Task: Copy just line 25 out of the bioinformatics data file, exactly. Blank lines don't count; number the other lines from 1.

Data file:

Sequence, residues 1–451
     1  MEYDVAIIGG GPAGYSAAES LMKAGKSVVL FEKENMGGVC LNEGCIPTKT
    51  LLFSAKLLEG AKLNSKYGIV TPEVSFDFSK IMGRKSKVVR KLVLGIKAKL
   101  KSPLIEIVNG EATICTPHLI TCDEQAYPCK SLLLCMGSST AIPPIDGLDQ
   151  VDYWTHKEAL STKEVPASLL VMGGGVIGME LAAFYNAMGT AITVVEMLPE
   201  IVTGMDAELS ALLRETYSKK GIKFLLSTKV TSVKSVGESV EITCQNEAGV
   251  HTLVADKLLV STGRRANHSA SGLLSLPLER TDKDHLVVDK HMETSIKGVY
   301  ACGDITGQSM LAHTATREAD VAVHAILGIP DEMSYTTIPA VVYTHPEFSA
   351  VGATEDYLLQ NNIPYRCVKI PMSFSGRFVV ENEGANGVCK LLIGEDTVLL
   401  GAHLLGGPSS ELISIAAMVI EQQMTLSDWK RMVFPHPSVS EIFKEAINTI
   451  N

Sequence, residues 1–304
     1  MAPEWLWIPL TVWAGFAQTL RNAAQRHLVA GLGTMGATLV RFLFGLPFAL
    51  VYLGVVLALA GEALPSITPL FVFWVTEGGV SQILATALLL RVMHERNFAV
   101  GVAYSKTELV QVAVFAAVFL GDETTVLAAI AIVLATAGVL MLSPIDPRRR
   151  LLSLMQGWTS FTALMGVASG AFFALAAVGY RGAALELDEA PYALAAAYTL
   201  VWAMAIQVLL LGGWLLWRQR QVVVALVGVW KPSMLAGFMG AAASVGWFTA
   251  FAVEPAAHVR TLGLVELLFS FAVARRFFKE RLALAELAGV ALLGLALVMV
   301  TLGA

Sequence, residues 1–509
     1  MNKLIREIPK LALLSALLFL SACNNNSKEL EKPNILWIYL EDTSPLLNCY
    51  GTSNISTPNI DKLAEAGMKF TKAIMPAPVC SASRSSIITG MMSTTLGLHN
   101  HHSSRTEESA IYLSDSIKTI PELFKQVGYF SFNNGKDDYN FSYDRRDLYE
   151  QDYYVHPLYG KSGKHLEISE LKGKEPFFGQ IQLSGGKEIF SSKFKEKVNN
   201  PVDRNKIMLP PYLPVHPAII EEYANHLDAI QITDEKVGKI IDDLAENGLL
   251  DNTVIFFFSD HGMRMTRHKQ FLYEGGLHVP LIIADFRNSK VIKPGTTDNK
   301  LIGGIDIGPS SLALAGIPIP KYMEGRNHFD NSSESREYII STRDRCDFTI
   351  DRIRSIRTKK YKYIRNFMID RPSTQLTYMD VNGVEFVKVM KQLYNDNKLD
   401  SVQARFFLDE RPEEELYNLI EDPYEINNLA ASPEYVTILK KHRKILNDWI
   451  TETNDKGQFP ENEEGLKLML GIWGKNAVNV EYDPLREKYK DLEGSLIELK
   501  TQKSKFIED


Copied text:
   201  PVDRNKIMLP PYLPVHPAII EEYANHLDAI QITDEKVGKI IDDLAENGLL